A Bear in There by Shel Silverstein

MRA Conference Implementation PDF Document
MRA Conference Implementation

The first thing that came to mind as I explored the text-to-speech sites was how I could be using it right now in my classroom. Because I teach students how to write and how to go through the editing process, I often find that some students have difficulty in editing their writing because they just don't "see" the errors on the page. If my students were able to copy and paste their writing into one of the text-to-speech sites, they might be able to "hear" the mistakes and be able to make corrections as needed.

I really liked the vozMe site because it seemed the easiest for students to be able to use. Although the quality of the audio was okay, I could enter a small amount of text or copy and paste a large amount of text. Students would not need to set up accounts for this particular site either...a plus, in my opinion.

Read the Words was also quite easy but needed an account. I also could not upload a larger document without having to pay for an upgrade.

YAKiToMe, on the other hand allowed me to upload a larger piece of text. The quality of the audio was also pretty good. I preferred the YAKiToMe site over the others because of the the amount of text it could handle and the quality of the audio.

Dial2Do seemed like a pretty neat Speech-to-Text site. I thought the accuracy of the transcription was great. Although, it is limited in the amount of services unless a subscription is paid for.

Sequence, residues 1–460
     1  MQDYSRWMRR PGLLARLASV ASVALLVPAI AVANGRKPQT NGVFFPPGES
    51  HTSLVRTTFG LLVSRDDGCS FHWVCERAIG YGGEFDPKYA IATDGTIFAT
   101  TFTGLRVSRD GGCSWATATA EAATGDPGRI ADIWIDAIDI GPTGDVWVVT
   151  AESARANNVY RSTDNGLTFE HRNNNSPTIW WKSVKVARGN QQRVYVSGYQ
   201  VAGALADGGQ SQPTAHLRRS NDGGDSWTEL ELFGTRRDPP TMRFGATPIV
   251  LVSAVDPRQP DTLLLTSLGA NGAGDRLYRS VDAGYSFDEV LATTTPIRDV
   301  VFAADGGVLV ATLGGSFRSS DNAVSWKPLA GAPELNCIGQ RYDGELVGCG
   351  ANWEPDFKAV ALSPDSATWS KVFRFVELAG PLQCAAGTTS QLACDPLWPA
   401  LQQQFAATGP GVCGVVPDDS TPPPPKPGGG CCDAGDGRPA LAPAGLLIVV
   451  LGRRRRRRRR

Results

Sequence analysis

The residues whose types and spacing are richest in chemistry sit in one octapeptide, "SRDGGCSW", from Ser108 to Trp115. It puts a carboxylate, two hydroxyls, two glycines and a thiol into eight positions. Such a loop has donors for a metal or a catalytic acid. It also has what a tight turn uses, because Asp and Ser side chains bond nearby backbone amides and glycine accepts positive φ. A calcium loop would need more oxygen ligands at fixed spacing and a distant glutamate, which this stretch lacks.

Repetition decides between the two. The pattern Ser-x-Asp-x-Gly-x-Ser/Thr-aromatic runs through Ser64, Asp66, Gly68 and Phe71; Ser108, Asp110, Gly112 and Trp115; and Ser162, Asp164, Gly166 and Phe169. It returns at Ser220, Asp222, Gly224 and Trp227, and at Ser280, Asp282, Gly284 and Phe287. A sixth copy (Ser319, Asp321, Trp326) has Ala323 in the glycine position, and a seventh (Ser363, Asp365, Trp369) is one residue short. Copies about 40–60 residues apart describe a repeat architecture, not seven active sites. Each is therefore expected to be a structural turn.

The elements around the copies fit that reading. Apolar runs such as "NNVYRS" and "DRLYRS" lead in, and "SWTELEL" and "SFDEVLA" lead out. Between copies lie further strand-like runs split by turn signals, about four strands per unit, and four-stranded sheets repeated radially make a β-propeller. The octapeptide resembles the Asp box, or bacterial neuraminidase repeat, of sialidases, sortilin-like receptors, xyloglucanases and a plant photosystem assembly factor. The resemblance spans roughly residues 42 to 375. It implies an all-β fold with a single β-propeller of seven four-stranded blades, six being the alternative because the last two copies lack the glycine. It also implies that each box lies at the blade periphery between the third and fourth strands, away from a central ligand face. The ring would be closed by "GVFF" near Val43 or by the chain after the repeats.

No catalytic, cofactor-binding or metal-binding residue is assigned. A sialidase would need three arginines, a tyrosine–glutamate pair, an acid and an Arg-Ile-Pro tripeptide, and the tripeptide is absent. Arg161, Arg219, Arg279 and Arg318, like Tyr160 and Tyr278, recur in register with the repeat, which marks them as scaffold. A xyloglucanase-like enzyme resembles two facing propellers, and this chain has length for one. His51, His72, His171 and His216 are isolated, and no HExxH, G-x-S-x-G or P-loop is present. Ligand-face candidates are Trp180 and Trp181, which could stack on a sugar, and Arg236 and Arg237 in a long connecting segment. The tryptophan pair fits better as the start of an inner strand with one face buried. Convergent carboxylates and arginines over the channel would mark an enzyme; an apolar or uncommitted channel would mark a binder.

Awesome UDL tools for giving students different ways to learn and be successful in the classroom!

Wednesday, April 27, 2011

Thing 10 - Google Maps

Mackinac Bridge Area Attractions
View Mackinac Bridge Area Attractions in a larger map

Mackinac Bridge Street View

View Mackinac Bridge Area Attractions in a larger map

After exploring Google Maps and especially My Maps, I can see that educators could use this application in the classroom in many areas. As I teach English and reading at my school, I could have students search for places we are reading about, or I could create maps with video, links, and text to have students explore (virtual field trips). When studying folktales/mythology with 7th grade students, I could have them go to the places/areas that stories being studied took place or may have taken place...Greek Mythology - Greece for example. When studying Shakespeare a class could "visit" Shakespeare's Globe Theater. Google Maps could be used for math and geography when finding locations and distance. In social studies/history, teachers can take students to areas of the world when discussing current events. The possibilities are endless! Great Web 2.0 Tool!

Thing 9 - Google Custom Search Engine

Holocaust Search Engine